What is the Cost of Cycling the Ring Road?

The price of everything on the bicycle tour came as a huge surprise. I knew it would be expensive, but the cost of everything in Iceland is insanely high (cabs, hotels, campsites, and especially food).

I thought that by camping and shopping in grocery stores I would save money. I did, but it was still expensive.

Ring Road Groceries

Here is $50 worth of groceries on the Ring Road

There were parts of the Ring Road where the only food options were gas stations. Also, after a few hours of riding in the freezing rain, passing by a hot meal from a restaurant along the route was not an option. On average, I spent about $60 a day on food.

Camping along the Ring Road averaged between $15 and $20 a night. Commando camping was an option, but the lure of a hot shower and indoor kitchen always won us over. Something every campground offered.

Every few days we would opt for a guesthouse or hostel. We always had private rooms and we would spend between $80 – $120 for both of us. In the Southeast of Iceland, accommodation cost more, usually between $125 – $160.

On our bicycle tour, we used a Trawire mobile hotspot that we rented from the airport for $10 a day. It was well worth it. I can’t think of a moment we ever lost coverage. It was great for staying in touch with family, posting to social media, and reserving hotels.

8 replies
  1. Ionut Vasile
    Ionut Vasile says:

    WoW. It’s all really helpful, I’m really curious as to which way to go, clockwise or counter. Me and my friend are planning to go next year since this year is compromised, and we need more info. Do you reckon you can find every other day a hot tub/pool/spring?
    Food options only gas stations? Do you reckon a supermarket could be found every 2 or max three days?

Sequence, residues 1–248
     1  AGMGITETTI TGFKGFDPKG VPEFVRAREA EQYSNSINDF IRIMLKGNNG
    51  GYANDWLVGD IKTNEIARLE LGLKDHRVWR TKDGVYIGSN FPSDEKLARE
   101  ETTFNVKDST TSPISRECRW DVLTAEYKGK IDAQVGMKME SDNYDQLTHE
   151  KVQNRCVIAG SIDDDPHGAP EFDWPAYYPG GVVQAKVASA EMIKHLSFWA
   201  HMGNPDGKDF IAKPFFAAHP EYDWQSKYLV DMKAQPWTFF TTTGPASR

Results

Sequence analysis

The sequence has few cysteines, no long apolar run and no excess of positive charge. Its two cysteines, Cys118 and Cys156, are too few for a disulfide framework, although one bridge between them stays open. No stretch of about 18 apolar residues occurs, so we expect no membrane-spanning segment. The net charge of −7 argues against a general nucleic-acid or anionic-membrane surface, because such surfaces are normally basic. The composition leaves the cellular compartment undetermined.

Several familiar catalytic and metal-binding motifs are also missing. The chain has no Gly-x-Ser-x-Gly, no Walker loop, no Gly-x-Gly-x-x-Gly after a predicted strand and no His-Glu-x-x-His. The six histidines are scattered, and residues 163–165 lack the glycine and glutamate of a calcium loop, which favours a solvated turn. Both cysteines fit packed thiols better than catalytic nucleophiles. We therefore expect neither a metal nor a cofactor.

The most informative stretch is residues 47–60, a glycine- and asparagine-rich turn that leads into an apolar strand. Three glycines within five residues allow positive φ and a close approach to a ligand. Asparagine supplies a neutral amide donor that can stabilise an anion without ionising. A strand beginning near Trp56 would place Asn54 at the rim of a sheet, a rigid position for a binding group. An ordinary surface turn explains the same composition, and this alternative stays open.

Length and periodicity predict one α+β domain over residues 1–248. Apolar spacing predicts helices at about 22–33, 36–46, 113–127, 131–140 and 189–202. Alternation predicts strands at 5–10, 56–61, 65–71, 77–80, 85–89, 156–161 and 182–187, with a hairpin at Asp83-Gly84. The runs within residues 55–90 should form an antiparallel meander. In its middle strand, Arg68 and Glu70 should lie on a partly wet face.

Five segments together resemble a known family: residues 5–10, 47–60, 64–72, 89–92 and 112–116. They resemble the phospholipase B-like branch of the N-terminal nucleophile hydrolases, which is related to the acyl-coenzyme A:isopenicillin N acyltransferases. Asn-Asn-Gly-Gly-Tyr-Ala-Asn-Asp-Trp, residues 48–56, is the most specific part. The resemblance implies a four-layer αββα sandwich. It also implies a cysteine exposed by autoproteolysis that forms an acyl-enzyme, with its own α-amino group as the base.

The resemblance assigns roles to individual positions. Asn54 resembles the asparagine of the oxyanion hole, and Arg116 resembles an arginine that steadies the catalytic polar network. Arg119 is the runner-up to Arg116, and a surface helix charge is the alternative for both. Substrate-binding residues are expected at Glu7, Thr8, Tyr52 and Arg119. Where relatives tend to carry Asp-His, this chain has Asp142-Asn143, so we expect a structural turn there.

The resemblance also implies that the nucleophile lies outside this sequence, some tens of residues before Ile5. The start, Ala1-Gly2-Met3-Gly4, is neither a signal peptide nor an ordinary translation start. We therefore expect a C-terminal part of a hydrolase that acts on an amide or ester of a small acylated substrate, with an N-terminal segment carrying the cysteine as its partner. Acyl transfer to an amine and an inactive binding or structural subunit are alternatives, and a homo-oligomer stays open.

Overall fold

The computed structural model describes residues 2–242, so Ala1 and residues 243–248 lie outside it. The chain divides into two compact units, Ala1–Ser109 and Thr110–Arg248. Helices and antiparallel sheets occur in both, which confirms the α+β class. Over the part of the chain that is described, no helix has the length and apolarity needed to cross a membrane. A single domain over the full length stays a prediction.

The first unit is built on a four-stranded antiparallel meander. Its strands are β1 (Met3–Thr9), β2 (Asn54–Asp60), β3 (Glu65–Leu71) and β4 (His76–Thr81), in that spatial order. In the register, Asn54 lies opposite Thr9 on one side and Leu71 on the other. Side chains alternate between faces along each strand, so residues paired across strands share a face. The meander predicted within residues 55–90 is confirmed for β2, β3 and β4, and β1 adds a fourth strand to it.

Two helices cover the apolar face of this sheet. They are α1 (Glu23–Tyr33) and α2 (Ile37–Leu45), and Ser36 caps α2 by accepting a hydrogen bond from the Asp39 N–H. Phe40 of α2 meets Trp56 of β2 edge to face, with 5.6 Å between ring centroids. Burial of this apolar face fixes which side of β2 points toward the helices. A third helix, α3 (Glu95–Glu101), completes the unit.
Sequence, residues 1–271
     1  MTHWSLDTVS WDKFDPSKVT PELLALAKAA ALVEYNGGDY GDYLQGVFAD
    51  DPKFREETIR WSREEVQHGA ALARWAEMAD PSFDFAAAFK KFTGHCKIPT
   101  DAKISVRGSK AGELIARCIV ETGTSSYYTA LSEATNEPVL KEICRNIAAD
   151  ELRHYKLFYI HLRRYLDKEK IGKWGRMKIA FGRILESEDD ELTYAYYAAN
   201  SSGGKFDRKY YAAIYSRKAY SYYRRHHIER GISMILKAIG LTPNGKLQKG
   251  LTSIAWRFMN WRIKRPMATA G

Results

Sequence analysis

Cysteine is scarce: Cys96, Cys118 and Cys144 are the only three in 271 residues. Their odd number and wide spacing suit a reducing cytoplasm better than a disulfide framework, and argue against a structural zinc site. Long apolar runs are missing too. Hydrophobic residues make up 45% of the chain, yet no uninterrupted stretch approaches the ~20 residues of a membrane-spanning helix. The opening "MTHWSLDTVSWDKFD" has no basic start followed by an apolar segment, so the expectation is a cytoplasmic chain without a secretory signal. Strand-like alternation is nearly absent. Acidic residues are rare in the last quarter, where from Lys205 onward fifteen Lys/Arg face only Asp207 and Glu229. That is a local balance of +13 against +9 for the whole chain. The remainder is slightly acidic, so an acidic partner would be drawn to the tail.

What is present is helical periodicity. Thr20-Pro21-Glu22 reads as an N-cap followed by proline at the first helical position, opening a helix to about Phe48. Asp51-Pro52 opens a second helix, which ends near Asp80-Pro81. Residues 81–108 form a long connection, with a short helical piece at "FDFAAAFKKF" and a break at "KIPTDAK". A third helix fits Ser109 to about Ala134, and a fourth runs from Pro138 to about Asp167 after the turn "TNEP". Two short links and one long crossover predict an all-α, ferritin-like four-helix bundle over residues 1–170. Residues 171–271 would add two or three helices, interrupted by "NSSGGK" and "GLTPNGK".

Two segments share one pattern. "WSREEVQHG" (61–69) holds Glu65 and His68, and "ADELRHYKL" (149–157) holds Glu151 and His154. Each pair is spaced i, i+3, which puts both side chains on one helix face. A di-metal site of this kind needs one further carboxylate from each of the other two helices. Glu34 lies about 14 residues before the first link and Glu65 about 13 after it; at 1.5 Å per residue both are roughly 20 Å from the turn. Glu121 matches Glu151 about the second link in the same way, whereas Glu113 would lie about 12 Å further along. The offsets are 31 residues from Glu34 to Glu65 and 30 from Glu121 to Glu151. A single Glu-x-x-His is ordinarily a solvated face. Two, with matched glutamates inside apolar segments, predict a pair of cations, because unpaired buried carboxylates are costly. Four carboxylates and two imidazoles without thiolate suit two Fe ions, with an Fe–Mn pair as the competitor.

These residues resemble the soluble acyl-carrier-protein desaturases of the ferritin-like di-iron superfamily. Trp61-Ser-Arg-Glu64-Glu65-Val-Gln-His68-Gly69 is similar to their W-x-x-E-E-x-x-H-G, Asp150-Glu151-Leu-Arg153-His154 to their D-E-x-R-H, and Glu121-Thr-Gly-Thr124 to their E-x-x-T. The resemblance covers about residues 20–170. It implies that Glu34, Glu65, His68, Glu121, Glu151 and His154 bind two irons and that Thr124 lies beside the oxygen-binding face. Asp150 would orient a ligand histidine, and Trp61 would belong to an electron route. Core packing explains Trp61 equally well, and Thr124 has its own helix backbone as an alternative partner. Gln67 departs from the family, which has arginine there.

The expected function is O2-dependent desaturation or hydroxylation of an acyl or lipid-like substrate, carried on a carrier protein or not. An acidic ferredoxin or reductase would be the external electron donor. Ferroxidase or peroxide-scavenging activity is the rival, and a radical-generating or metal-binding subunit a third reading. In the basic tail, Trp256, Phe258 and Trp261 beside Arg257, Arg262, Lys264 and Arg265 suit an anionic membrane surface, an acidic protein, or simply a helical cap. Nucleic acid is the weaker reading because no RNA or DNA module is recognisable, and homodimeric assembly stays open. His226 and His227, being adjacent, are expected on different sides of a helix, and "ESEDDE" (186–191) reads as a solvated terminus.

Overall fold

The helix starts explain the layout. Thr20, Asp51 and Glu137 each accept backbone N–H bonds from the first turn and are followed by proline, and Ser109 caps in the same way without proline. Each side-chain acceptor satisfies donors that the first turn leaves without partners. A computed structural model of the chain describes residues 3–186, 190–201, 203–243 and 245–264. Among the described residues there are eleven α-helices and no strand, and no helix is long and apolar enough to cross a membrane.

• Buffer
      Buffer says:

      Thanks for the comment.

      I went clockwise. I think it was the better choice. There’s tons of streams, lakes, etc on the Ring Road, but very few hot springs. I would estimate the longest we went without passing a supermarket was three days. Good luck! It’s the trip of a lifetime.


    Hi, nice and practical info. regarding the trip.
    Would it be cheaper if 4 or 5 people group together and do this trip?
    Also is there any KML showing the route and pit stops along the route?

    • Buffer
      Buffer says:

      If I remember correctly, every hotel and campground we stayed at charged per person, so there wouldn’t be any savings by having a larger group. I do name each days stop in my blog posts, but that’s all I put together. However, there are numerous maps available online that detail the route. Good luck. It’s a tough trip, but we’ll worth the effort.

  3. Shawn
    Shawn says:

    Hi, thanks for the info. I’m planning on doing half of the ring road next summer. I’m flying into Reykjavík and then leaving via the ferry from Seyðisfjörður. I can’t decide if I want to go to the north or south. Which half of the route did you like more?

  4. Grassfire
    Grassfire says:

    Hey, I am thinking about cycling the ring road this June/July. Curious about the logistics of transporting your bike to/from Iceland – I’m assuming you brought it in a bike box, but where did you store the bike box during the trip? Or did you discard it and somehow get a new one in Reykjavik/Keflavik? Thanks!


Leave a Reply

Want to join the discussion?
Feel free to contribute!

Leave a Reply

Your email address will not be published. Required fields are marked *

More Posts from AgeHIGH

Cycling Iceland’s Ring Road – Part 1

The headwind was relentless. Again we had to push the bikes. I had a profound feeling of hopelessness; completing the Ring Road was starting to seem like an impossible challenge. All I could do was grind forward by putting one foot in front of the other, pushing my bike.

Bicycle Touring Laos


I’m in Laos. I’m on the other side of the world riding my bicycle. Everyone I know and love is over 8,000 miles away. Most of the time it gives me a thrill to focus on this. Other times, I’m overwhelmed with loneliness.

Bicycle Touring Upgrades for Iceland

In preparation for my upcoming tour of Iceland, I wanted to make some touring bicycle upgrades to my Surly Ogre. To start, I wanted power. I wanted a solution for charging electronics while touring. I also needed more storage. Unlike my previous tour of Southeast Asia, I will need to carry a tent, food, fuel, and other camping supplies.